A molecular weight database for R-proteins of genome sequenced strains was constructed by DNA sequences and calculation of molecular weight. Analyzed methanogens were cultured and resuspended in ethanol (70%). Cells were mixed with 1/5 vol % of matrix solution {Sinapinic acid (15 mg/mL) in 50% acetonitrile with 1% trifluoroacetate}. Then, mass spectra of cells were observed with positive linear mode.
In the case of two strains of M. maripaludis that are closely affiliated with 16S rRNA gene sequences (99% similarity), four-sevenths of R-proteins chosen as biomarkers differed in their mass spectra (both theoretical and observed), indicating that strain S2 and C6 are classified as different strains according to this method. M. barkeri could also be identified using R-protein. These results implied that S10-GERMS method provides an identification platform for environmental samples.
 
 

Event Date: 
Tuesday, June 27, 2017 - 19:00 - 19:30
Institution: 
Ohio State University
Title: 

Bacterial Biofilms: Built for Persistence in Nature and Chronic Infection.

Abstract:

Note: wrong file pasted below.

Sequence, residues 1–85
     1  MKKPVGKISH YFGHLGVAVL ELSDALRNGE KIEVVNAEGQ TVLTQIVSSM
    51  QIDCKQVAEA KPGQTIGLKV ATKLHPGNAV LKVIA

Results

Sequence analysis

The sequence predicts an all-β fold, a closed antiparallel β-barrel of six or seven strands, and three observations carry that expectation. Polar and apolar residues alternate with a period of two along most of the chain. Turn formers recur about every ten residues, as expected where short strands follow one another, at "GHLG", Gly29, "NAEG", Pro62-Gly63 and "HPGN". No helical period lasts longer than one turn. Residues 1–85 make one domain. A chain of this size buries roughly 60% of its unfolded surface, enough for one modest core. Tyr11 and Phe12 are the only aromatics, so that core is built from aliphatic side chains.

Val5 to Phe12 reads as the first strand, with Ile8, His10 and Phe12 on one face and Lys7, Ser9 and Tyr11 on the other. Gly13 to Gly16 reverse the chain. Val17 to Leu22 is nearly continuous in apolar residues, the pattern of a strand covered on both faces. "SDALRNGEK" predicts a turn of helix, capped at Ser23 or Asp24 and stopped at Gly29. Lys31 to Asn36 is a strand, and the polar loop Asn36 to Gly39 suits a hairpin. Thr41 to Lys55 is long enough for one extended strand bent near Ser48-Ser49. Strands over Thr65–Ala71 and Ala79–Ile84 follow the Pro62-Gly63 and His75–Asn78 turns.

Bacterial biofilms are microscopic assemblages of bacterial cells usually attached to a surface and held together by a self-produced extracellular polymeric slime (EPS) matrix. Biofilms are ubiquitous in nature and are highly problematic in industry and medicine where they cause corrosion, fouling, contamination and chronic medical and dental infections. The EPS matrix is chemically complex and is composed of polysaccharides, lipids, proteins and DNA and protects the bacteria within from antibiotics chemical challenges and host immunity. Mass transfer through the EPS is dominated by diffusion which, allows the development of gradients in nutrients, waste products and cell signals. The highly localized and heterogeneous chemical microenvironment caused by the metabolic activity of the biofilm can be corrosive and cytotoxic and facilitates the development of a dormant persister population.  Additionally, the bulk mechanical properties of biofilms also appear to play a role in survival by allowing the biofilm to respond to imposed mechanical loads over very short (ms) and very long (days to weeks) time scales. Creep and relaxation tests show that generally biofilms behave as viscoelastic liquids allowing them to flow over surfaces with velocities of meters per second. In this seminar Dr. Stoodley will give an overview of biofilm development using case studies to illustrate the consequences of biofilm formation in infection and the difficulties in prevention and treatment.